Security Intercontinental comic KJ

Communication is an integral part of the human experience.

Despite superior developments in communication technology, under-communication remains an anathema in the workplace – and it carries forward a negative impact on customer service. Poor internal communication prevents an organisation, and its employees, from reaching their full potential.

A study from Accountemps confirmed 41% of Chief Financial Officers (CFOs) state a lack of communication between staff and management is the most common mistake companies make when managing their teams. Furthermore, according to Salesforce, 86% of employees and executives said a lack of collaboration or ineffective communication creates failure in the workplace. These statistics are difficult to ignore.

mistake communication

Let’s dive into two recent incidents that highlight the repercussions of poor internal communication…

Celebrity Chef vs. Intercontinental Resort

For those not in the know, Lance Seeto is a renown chef (dare I say it, “influencer”) within Fiji’s tourism industry, and people across the country revere his recipes.

Lance recently ventured over to the Intercontinental Resort for a leisurely meal, but upon trying to enter, the celebrity chef was stopped in his tracks.

Why?

Well, because he needed to fork out $40 to enter, without any explanation. Naturally, Lance refused to pay the fee, resulting in this:

intercon fiji 1

To which the resort representative shed light on

intercon 2

Given Lance’s influencer status, you would think it’d be in the resort’s best interest to welcome his presence and clarify the rationale behind the $40 fee. If this was communicated efficiently, the issue could have been avoided altogether. A positive endorsement would have been invaluable for the resort and word of mouth travels.

In fact, it becomes cumbersome to regain a consumer’s trust when an experience goes south.

12 experiences

Trouble at Marriott in Momi Bay

A week after the Lance Seeto saga, my wife and I decided to check out the Marriott Resort in Momi Bay to enjoy a well-deserved leisurely Sunday experience.

We arrived at the boom gate, and the guards asked about the nature of our visit. We explained we were looking to grab a nice bite to eat. To our surprise and dismay, the guard told us that the restaurant & resort was fully booked and to come back the following day.

What a way to kill a Sunday vibe.

Unfortunately for these staff members, we kicked up a fuss and demanded to speak to someone senior. After a host of intercom chats, we were allowed to go through to talk to a member of the management team, in person.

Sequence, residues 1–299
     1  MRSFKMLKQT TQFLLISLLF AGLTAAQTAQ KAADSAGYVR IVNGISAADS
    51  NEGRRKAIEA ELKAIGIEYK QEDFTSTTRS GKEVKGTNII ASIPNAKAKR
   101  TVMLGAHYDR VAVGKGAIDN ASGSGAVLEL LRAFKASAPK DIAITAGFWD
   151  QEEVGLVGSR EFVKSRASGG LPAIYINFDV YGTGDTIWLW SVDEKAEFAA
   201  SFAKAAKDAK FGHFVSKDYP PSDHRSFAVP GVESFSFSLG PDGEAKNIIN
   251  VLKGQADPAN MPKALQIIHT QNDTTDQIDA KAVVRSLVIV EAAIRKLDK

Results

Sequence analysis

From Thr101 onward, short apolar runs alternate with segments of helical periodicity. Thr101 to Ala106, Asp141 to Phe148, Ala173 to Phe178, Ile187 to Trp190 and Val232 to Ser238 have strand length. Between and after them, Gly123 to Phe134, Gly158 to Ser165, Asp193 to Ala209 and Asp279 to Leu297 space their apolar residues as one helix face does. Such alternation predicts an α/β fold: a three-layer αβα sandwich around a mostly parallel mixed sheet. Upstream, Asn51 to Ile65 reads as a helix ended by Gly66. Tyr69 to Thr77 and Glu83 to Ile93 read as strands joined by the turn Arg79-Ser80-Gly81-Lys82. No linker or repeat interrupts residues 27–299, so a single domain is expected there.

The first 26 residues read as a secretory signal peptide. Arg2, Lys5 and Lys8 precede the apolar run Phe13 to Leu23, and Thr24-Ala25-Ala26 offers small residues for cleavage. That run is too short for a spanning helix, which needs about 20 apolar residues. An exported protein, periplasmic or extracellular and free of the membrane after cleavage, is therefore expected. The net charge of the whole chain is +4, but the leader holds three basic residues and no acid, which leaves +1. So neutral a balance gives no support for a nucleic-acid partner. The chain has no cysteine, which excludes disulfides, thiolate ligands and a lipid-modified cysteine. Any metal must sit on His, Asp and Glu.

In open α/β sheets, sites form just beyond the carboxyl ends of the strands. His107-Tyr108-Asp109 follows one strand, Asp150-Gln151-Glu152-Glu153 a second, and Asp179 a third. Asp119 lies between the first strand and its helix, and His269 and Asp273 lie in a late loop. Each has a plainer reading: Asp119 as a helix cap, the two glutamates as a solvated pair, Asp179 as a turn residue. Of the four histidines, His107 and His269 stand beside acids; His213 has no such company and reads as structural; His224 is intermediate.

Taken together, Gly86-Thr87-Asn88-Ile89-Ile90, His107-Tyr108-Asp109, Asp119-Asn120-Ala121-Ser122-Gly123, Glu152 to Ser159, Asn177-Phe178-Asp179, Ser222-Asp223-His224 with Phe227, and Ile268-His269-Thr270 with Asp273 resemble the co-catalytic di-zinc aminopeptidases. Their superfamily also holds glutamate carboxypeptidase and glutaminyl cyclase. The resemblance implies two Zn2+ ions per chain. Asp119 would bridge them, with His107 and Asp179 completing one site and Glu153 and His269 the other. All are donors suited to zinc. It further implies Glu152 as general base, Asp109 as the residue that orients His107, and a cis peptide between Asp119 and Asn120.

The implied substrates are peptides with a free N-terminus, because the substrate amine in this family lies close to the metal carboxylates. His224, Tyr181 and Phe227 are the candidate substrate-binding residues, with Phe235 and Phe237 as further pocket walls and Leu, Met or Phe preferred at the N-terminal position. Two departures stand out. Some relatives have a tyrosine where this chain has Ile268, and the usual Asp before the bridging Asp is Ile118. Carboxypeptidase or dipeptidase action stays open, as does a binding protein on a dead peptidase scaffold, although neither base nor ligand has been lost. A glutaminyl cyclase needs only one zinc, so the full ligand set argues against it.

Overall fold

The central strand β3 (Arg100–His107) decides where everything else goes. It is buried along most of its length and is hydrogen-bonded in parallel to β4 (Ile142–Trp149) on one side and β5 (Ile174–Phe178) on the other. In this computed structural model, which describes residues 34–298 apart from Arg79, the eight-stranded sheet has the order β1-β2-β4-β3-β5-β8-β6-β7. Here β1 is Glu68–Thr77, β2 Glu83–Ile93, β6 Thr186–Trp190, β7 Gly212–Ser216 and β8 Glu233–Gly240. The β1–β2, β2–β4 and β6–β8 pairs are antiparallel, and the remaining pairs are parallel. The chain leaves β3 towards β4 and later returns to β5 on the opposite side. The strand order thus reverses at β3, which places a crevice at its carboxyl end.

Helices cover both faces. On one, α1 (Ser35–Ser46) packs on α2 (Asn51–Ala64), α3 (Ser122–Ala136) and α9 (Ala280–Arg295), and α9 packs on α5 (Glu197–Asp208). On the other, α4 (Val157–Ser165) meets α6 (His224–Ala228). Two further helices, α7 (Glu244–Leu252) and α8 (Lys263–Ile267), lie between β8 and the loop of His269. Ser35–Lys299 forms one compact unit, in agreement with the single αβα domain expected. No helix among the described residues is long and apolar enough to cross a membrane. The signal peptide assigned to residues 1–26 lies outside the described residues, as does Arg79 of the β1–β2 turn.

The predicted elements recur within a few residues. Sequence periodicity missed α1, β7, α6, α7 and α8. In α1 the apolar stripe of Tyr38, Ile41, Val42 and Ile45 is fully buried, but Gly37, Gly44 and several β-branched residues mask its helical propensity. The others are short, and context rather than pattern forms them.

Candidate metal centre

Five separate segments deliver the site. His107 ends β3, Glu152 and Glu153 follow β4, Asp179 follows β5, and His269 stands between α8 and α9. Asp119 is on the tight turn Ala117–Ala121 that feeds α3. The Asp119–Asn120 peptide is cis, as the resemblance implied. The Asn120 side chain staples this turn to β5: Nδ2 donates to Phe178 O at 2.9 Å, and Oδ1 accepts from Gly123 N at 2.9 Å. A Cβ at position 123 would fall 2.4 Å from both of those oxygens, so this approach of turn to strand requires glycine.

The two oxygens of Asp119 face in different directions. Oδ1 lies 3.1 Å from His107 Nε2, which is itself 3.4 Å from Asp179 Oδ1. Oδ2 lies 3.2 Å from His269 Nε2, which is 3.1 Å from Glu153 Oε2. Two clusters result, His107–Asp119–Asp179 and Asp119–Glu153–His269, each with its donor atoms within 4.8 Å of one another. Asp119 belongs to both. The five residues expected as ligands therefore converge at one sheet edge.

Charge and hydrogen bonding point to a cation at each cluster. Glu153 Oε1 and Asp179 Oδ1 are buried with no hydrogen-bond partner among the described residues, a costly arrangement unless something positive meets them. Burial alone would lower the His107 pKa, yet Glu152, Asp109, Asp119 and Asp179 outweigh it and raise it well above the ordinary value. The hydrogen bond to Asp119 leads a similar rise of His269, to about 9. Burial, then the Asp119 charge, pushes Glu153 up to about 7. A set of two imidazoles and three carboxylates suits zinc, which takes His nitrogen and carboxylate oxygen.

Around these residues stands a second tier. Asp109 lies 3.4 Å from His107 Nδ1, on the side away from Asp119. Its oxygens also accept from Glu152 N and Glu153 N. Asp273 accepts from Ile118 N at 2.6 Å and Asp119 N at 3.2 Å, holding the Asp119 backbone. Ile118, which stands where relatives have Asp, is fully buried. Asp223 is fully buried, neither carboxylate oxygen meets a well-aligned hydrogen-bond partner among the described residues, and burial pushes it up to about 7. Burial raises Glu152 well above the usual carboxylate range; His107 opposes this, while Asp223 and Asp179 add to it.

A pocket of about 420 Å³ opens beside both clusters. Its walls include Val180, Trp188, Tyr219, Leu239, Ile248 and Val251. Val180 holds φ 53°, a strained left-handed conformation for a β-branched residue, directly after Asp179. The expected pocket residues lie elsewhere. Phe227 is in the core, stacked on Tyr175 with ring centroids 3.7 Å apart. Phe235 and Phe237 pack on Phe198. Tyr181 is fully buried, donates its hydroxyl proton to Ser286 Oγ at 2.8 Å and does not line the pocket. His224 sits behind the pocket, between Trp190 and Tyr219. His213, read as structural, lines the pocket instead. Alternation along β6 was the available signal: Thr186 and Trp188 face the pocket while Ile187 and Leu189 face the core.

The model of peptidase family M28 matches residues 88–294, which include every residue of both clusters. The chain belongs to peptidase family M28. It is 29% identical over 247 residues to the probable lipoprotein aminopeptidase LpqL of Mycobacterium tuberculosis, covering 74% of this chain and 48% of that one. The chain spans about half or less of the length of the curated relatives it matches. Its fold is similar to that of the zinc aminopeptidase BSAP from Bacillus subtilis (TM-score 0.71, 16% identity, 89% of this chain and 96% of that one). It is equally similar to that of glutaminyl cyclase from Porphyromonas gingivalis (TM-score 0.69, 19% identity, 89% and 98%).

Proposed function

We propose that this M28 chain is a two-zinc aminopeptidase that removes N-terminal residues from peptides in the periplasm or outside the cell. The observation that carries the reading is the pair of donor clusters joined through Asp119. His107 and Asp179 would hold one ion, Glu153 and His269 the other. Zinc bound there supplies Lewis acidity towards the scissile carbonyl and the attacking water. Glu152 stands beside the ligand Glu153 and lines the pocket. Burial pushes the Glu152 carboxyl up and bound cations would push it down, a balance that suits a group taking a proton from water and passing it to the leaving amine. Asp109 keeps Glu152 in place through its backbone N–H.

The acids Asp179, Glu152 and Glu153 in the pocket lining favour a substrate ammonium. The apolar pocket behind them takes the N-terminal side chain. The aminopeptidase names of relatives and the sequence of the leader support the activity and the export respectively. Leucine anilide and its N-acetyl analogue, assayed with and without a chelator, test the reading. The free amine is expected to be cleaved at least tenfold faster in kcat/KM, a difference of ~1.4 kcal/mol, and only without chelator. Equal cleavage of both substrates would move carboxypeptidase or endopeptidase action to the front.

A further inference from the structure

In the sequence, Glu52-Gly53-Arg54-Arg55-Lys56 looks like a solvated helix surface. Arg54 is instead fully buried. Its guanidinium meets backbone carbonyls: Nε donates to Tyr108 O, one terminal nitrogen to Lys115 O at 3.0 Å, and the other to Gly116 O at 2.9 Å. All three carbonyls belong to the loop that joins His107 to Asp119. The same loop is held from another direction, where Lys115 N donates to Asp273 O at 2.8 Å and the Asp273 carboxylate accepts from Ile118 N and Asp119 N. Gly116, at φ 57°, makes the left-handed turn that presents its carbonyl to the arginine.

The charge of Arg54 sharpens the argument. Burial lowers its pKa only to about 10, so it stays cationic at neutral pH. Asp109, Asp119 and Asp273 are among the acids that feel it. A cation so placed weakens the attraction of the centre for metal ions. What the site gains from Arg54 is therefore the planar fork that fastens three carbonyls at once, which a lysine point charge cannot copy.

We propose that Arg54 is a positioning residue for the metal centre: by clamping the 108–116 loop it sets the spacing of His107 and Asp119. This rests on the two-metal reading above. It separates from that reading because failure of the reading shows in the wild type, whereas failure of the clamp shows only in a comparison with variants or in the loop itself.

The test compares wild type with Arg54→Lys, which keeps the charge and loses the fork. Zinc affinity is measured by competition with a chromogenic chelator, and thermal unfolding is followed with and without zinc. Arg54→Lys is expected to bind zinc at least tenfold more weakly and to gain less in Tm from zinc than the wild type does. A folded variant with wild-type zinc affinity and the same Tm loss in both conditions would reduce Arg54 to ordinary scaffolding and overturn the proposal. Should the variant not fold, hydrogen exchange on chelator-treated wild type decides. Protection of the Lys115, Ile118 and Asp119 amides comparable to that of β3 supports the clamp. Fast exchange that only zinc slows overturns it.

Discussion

We arrived at reception and Director of Rooms Gregory Underwood was there to greet us – we explained our situation in depth. Luckily, Greg diffused the situation by explaining that the resort’s stance was a case-by-case situation to prevent the masses coming in for day trips on weekends. He also went on to tell us that the guards at the gate should have called him instead of applying a blanket rejection policy.

Question: Should management enforce such measures when staff who fulfil their directions fail to communicate them in the correct manner?

Poor internal communication has the power to wreak havoc on the productivity of a business, stunting the development of individual employees and entire departments. And you know the problem is really bad when your customers get the brunt of these internal communication issues.

How could the above situations have been avoided?

Why not consider a Chief Customer Service Officer to carry out the role and invest in your on the ground team (whether it takes weeks or months) especially where a policy excludes potential customers.

Communication is Key

“The single biggest problem in communication is the illusion that it has taken place.”

Communication helps to build relationships, promotes mutual understanding, and prepares employees to contribute to a company’s success.

The problem with corporate communication is the blurred line between management goals and employee directions. If you believe in the human part of business, then you must communicate meaningfully and consider the following;

  1. The nature of the message: How important is it? How complex? What is the impact on operations?
  2. The Messenger: Who should deliver the information? Supervisor, Director?
  3. Timing of the message: When should the message be delivered? Is there enough time to understand and implement? Employees should always know about something that affects them before anyone else.

 

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